A faulty gene linked to dementia doubles the risk of developing severe COVID-19, according to new research.
Using data from the UK Biobank, scientists from the universities of Exeter and Connecticut found a high risk of coronavirus among people of European ancestry who carry two faulty copies of the APOE gene.
One in 36 Biobank participants of that background has those mutations, which increase the risk of Alzheimer’s by up to 14 times.
They also raise the chance of developing heart disease, compared to people with the non-faulty gene.
Scientists from both universities’ medical schools say the risk of getting a severe form of COVID-19 is doubled by the presence of the copies, even if a patient has neither Alzheimer’s nor heart disease.
During their research, they found that 2.36% of UK Biobank participants with European ancestries had the faulty gene.
Among those who tested positive for COVID-19, the figure more than doubled, rising to 5.13%.
It is hoped that discovering why that is the case will lead to new ideas for treatments.
The same team has previously discovered that people with dementia are three times more likely to get severe COVID-19 – possibly because of the high prevalence of the virus in care homes.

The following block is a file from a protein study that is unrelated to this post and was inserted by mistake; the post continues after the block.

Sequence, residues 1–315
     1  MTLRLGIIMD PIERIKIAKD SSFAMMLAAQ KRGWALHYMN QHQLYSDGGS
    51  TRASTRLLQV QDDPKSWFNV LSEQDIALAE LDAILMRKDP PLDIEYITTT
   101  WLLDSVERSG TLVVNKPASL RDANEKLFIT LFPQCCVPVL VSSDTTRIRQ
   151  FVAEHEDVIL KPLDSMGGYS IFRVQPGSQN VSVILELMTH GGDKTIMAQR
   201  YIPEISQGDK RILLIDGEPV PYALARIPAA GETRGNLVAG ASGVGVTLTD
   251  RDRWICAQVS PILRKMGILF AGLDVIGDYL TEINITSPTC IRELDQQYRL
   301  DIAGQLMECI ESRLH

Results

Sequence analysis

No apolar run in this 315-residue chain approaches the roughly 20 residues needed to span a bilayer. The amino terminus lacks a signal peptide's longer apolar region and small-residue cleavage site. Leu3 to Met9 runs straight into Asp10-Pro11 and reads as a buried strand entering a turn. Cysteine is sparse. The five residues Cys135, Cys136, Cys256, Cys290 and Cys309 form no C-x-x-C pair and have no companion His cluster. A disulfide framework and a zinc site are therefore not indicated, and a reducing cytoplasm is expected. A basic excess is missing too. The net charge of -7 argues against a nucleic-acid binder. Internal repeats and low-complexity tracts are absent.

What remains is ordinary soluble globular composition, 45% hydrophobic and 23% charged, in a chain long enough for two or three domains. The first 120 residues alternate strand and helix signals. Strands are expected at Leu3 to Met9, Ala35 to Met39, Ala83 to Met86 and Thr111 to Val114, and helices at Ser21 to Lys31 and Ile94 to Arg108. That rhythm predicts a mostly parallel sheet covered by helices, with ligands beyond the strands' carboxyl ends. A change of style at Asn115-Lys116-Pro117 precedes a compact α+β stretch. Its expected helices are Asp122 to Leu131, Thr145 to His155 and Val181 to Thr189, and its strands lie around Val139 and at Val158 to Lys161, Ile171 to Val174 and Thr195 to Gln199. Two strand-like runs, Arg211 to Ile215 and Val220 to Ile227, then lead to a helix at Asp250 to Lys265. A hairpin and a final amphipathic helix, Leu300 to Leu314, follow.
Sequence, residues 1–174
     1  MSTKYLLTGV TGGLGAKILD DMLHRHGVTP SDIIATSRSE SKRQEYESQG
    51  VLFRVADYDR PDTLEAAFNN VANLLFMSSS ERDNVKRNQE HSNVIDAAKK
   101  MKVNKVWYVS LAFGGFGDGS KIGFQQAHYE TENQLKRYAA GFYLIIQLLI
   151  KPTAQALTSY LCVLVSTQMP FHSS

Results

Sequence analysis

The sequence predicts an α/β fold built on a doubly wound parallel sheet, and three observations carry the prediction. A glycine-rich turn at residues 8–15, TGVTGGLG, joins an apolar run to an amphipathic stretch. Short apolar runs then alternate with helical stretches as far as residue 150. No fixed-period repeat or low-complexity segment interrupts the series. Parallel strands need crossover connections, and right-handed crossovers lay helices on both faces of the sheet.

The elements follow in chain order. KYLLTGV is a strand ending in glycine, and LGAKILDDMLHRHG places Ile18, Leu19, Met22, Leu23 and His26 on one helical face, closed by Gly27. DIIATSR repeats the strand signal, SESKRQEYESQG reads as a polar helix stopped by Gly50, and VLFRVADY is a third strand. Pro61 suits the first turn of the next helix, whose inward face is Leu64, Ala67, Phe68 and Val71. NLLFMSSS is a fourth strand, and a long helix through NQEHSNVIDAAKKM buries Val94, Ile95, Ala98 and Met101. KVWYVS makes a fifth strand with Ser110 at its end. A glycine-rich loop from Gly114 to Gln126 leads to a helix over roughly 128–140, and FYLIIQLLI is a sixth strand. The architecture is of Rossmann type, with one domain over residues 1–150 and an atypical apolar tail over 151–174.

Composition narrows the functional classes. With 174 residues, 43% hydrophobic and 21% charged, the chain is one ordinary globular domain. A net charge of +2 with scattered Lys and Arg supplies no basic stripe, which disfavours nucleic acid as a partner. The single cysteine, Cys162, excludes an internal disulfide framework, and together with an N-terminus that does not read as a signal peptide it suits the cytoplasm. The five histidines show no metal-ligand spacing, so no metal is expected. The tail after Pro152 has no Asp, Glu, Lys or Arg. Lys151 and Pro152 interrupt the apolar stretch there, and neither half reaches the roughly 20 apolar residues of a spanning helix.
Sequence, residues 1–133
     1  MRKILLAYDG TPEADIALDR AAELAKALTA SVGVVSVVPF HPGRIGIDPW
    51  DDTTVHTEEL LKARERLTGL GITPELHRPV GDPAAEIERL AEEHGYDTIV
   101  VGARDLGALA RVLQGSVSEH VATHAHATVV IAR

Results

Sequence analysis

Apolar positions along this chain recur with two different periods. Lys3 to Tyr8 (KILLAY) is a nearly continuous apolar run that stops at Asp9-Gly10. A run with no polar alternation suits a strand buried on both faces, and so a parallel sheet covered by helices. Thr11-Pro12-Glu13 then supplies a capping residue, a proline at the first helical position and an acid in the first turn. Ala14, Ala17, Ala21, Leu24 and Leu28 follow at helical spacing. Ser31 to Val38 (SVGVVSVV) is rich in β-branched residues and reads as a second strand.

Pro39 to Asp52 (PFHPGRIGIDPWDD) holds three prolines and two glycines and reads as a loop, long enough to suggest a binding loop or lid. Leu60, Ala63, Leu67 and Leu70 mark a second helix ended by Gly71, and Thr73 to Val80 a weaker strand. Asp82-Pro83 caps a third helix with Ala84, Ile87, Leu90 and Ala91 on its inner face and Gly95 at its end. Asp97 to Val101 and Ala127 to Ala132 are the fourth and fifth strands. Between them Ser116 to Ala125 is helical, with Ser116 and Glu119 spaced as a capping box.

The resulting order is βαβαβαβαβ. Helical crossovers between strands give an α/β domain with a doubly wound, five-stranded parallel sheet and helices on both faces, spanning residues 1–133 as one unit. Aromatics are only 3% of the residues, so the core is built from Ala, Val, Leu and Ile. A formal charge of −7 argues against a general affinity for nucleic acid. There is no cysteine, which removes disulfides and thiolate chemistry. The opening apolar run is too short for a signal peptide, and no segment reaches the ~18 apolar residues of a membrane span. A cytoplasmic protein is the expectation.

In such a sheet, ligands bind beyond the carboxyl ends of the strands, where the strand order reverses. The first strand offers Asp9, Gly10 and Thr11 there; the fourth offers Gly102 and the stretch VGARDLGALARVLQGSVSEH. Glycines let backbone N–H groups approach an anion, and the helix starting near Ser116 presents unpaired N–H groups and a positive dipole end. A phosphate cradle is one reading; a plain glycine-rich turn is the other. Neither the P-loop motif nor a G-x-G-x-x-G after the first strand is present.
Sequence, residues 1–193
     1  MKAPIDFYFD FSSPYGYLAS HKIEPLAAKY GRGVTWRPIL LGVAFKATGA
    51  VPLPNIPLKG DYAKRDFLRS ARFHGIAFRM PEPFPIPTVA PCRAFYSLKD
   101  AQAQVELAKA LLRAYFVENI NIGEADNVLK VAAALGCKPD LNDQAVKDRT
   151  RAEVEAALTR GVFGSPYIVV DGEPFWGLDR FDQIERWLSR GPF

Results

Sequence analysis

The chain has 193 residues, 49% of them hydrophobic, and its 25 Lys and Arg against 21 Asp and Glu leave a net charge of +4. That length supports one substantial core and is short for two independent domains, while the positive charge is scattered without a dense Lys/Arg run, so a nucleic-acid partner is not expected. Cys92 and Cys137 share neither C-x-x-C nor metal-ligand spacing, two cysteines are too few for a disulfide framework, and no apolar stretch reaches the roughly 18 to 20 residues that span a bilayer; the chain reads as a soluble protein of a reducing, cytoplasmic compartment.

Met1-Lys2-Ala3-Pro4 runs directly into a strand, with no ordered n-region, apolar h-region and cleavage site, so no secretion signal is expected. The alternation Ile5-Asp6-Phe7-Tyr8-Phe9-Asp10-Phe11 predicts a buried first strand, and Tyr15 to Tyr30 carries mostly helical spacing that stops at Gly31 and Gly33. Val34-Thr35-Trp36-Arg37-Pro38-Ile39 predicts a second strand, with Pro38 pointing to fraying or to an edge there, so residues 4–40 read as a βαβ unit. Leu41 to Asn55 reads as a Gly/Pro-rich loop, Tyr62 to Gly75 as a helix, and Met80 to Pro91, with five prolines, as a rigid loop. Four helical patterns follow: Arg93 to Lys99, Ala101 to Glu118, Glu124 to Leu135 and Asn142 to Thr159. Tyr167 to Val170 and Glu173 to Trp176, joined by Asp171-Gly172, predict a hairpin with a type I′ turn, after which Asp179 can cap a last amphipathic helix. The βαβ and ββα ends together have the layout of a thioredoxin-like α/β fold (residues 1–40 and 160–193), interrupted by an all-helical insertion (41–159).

“This is an exciting result because we might now be able to pinpoint how this faulty gene causes vulnerability to COVID-19,” said Dr Chia-Ling Kuo from the University of Connecticut School of Medicine.
“It’s also important because it shows again that increasing disease risks that appear inevitable with ageing might actually be due to specific biological differences, which could help us understand why some people stay active to age 100 and beyond, while others become disabled and die in their sixties.”
Professor David Melzer, who led the team, said: “Several studies have now shown that people with dementia are at high risk of developing severe COVID-19.
“This study suggests that this high risk may not simply be due to the effects of dementia, advancing age or frailty, or exposure to the virus in care homes.”
“The effect could be partly due to this underlying genetic change, which puts them at risk for both COVID-19 and dementia.”
The researchers analysed data from the UK Biobank, which collects health and genetic data on 500,000 people.
The study is published in the Journal of Gerontology: Medical Sciences.